I tend to see things more clearly in my mind than I can articulate them. One thing I see but cannot articulate well is that the narrative character of human experience and knowledge points to the same reality as the social/emotional structure of the human brain. To say that we are narrative creatures may very well stem from the fact that we are wired for emotion and relationship such that logic and reason are only possible after the shaping of who we have become. Who we have become/the neural pathways that have been formed by our lives are the concrete manifestation of the storied existence that gives shape and meaning to our view of self, life, and world.
I say these two ideas point to reality rather than are the same thing because the assumption within each is that the shaping of any individual is unique enough that the language and concepts of any given mode of analysis are contingent enough to make the notion of “same thing” meaningless. Perhaps the point is that everyone necessarily sees things more clearly than can be articulated because there is simply not a ‘thing’ to articulate; rather, any attempt to get out what is seen inside is an artistic endeavor. Those who offer a moment of clarity into a deep subject merely lean into the tension between what is seen and what is possible to convey well enough that a subject becomes accessible enough for a heuristic transfer of meaning to take place. That process is likely the ultimate goal of knowledge development and transfer rather than a limited subset of theoretically objective processes.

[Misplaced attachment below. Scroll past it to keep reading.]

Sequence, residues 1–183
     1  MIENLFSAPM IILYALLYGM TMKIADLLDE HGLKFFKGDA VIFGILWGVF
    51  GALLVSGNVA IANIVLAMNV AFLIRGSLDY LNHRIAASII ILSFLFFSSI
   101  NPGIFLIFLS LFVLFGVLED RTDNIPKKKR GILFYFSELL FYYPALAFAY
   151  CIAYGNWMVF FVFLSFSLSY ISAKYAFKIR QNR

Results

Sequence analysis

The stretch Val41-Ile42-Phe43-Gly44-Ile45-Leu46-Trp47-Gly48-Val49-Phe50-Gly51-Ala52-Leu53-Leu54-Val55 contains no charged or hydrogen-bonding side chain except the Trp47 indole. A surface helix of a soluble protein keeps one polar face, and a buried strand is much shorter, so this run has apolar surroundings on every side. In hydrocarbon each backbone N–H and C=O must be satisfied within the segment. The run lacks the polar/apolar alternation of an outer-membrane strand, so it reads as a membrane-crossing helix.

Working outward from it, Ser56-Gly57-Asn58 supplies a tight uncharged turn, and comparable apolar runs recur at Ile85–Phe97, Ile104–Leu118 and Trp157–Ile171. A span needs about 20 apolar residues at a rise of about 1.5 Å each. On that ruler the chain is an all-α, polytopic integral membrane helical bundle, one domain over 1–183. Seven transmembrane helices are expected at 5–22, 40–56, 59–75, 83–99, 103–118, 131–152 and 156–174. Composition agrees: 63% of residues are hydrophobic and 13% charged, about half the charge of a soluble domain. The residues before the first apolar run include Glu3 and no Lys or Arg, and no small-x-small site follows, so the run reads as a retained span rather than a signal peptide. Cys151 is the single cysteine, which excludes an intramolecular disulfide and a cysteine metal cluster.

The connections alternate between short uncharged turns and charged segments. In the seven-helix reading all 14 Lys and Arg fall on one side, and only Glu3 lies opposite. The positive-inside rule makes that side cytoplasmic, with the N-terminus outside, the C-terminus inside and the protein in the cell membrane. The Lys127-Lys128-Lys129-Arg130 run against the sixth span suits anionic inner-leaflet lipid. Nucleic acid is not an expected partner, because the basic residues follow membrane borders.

I see that the analogy of relationships as the lens through which we understand the nature of reality may be the most productive means by which to articulate the connection between narrative and emotion. By the way we experience the ambiguities and beauties of relationship, we get a sense that intimacy is possible despite the fact that there can be no finite formula for love. By analogy, we get a sense that truth is possible despite the fact that there can be no way to speak that is not shaped by the particularities of a life.
Finally, it may also be that narrative and social/emotional shaping also point to the same reality as Wittgenstein’s notion of language games, MacIntyre’s insistence that rationality is necessarily shaped by tradition, Hauerwas’ emphasis upon habits of life over discrete bits of knowledge, conscious realism by Donald Hoffman, the predictable irrationality of human behavior as described by Dan Ariely, and the human need for concepts and categories to make sense of the world.